Australia's Indigenous People Have a Solution for the Country's Bushfires: Aboriginal Burning Practices
Sat, April 17, 2021

Australia's Indigenous People Have a Solution for the Country's Bushfires: Aboriginal Burning Practices

 

The Aboriginal people in Australia have kept and cared for the country for over 60,000 years. When they were colonized by Europe in 1788, it marked a huge change in their lives. On January 26, the same day Britain’s First Fleet landed in Sydney Harbor, Australia celebrates new citizens receiving their Australian citizenship. However, this isn’t how the Aboriginal people see it.

January 26, 1788 was the date when an unimaginable pain began for the Aboriginal people. Historical accounts show that with European colonization came land theft and environmental degradation. This also led to the “Stolen Generations,” when at least one in three Aboriginal and Torres Strait Islander children were forcibly removed from their families between 1910 and the 1970s. According to Vox, a liberal-leaning American news and opinion website owned by Vox Media, this practice was meant to confine children in institutions or raise them in white families, or what they call “breeding out the color” — an act of “biological and sociocultural genocide.”

Australia’s Aboriginal people also experienced different forms of oppression from the colonizers such as houselessness, mass incarceration, murder, sexual violence, and many more. All of these still happen. The Overview of Aboriginal and Torres Strait Islander Health Status in Western Australia reported that the death rate for Indigenous people in Western Australia was 2.1 times higher than non-Indigenous people between 2015 and 2017. They were 2.6 times as likely as non-Indigenous people to feel high levels of psychological distress as reported between 2012 and 2013.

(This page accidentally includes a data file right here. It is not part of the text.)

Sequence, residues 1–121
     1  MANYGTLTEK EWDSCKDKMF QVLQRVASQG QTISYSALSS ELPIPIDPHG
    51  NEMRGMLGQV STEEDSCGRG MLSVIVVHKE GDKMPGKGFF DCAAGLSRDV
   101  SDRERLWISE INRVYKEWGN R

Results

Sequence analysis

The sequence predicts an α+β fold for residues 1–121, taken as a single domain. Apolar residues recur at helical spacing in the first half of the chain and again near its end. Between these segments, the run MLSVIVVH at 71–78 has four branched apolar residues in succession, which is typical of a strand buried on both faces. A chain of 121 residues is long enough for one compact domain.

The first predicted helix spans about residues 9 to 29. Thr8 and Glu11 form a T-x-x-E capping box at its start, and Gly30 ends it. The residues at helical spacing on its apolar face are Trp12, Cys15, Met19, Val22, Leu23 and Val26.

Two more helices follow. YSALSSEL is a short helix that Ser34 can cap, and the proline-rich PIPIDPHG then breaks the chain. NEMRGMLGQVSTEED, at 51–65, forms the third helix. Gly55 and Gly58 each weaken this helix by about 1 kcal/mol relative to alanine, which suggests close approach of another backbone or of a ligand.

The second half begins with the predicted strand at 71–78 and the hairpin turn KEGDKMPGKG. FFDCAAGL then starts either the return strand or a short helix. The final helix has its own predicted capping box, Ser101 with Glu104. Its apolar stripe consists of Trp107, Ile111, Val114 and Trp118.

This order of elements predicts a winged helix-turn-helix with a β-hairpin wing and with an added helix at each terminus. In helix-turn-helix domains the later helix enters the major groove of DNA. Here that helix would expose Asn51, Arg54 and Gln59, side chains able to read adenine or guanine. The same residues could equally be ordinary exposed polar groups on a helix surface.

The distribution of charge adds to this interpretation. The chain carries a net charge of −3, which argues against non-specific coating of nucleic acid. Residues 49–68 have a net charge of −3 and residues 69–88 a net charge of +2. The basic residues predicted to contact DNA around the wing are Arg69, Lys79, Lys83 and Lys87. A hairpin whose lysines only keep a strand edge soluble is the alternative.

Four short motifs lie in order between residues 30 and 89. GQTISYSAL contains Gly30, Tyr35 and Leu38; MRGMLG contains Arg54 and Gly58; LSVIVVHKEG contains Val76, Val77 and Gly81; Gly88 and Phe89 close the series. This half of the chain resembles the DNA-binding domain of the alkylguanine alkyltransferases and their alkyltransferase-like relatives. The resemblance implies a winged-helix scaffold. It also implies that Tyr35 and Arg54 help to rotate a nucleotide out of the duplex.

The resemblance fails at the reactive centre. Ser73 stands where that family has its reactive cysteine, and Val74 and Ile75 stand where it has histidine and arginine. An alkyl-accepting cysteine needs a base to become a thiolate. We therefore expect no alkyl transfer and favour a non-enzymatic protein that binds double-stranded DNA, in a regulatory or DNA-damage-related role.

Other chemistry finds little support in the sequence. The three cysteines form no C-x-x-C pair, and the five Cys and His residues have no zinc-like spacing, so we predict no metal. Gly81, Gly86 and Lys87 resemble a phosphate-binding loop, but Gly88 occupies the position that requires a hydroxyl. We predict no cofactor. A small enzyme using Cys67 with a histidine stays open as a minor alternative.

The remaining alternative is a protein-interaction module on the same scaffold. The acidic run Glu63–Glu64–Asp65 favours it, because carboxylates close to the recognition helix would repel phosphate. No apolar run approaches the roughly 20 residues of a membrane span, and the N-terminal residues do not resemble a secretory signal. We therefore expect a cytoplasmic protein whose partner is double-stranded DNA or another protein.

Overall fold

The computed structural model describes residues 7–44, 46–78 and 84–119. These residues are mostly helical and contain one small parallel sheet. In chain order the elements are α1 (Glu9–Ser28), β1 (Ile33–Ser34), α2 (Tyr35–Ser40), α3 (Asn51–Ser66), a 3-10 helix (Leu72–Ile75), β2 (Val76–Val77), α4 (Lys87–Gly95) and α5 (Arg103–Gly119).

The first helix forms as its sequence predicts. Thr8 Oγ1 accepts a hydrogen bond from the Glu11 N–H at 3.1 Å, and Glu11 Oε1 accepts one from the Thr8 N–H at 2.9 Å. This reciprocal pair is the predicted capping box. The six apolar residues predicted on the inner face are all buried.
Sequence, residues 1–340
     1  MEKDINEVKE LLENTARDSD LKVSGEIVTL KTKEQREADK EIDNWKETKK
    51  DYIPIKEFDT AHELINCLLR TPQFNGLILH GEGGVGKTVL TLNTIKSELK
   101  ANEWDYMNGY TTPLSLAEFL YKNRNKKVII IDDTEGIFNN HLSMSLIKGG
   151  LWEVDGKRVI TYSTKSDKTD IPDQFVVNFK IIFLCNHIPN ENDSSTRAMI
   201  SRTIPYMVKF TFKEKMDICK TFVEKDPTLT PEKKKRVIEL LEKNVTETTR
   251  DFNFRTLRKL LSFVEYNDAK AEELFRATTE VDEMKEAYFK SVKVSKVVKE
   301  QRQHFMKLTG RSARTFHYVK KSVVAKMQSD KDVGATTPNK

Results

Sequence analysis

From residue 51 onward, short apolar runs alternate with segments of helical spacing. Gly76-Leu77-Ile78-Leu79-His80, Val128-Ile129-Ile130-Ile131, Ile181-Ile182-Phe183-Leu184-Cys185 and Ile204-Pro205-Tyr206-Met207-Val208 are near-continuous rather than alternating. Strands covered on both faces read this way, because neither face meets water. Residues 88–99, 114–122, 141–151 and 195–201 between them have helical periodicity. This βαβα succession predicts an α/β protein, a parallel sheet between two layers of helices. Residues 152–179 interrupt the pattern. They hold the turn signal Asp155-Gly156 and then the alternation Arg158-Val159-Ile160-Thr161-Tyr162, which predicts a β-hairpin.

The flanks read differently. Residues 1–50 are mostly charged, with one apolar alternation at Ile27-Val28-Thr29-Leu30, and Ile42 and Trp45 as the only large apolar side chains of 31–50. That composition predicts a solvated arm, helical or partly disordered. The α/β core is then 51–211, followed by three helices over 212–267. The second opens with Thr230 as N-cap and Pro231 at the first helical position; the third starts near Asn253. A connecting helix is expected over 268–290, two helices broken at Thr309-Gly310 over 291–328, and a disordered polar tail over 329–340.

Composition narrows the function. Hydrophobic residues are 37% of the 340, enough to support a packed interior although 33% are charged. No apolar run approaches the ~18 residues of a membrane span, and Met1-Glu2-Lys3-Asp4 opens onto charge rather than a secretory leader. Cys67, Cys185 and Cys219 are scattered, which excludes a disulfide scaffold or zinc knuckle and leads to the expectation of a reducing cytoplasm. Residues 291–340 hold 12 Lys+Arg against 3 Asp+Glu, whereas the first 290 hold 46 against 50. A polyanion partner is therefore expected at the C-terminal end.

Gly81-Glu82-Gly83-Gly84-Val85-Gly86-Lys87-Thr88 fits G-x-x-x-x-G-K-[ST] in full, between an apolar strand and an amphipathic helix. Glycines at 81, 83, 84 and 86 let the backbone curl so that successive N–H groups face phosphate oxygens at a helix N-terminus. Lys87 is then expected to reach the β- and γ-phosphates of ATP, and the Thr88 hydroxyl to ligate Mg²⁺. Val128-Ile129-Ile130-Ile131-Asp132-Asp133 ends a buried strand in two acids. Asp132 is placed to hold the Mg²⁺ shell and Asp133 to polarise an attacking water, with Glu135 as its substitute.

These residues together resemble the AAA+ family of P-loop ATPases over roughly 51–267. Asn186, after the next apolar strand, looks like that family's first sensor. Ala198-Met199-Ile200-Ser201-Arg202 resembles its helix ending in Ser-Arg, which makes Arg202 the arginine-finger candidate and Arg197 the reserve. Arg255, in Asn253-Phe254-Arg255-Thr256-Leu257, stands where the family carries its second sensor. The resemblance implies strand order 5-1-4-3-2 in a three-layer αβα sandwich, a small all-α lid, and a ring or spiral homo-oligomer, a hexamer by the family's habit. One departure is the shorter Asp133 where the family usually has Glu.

“We just don’t have the resources in this country to deal with the mental health issues, let alone the issues around respiratory illness within our communities,” Larissa Baldwin from the Widjabul clan of the Bundjalung nation and the First Nations justice campaign director of the movement GetUp said.  

Aside from those, the climate crisis is also threatening the very existence of indigenous peoples in Australia. 

 

 

Bushfires Heavily Affect Aboriginal People

Bushfires in recent years have heavily affected the indigenous people of Australia. According to Earther Gizmodo, an environmental news website, more than 26.4 million acres have burned in January 2020 alone. Francis Markham, a research fellow at the Centre for Aboriginal Economic Policy Research at the Australian National University, said that while no data exists yet on exactly how many Aboriginal or Torres Strait Islander people have been affected by the fires, he believes that these bush fires disproportionately impact indigenous communities in Australia.

For instance, New South Wales, where the fires are concentrated, has the highest number of indigenous people in the country. “The places where we know a lot of aboriginal people live… have been heavily impacted by the fires. These impacts are both on people in terms of the kind of direct impacts of fires: property loss and even loss of life. But they’re also about impacts on country and impacts to sacred sites and heritage sites, and that’s sometimes missed in this coverage,” Markham said.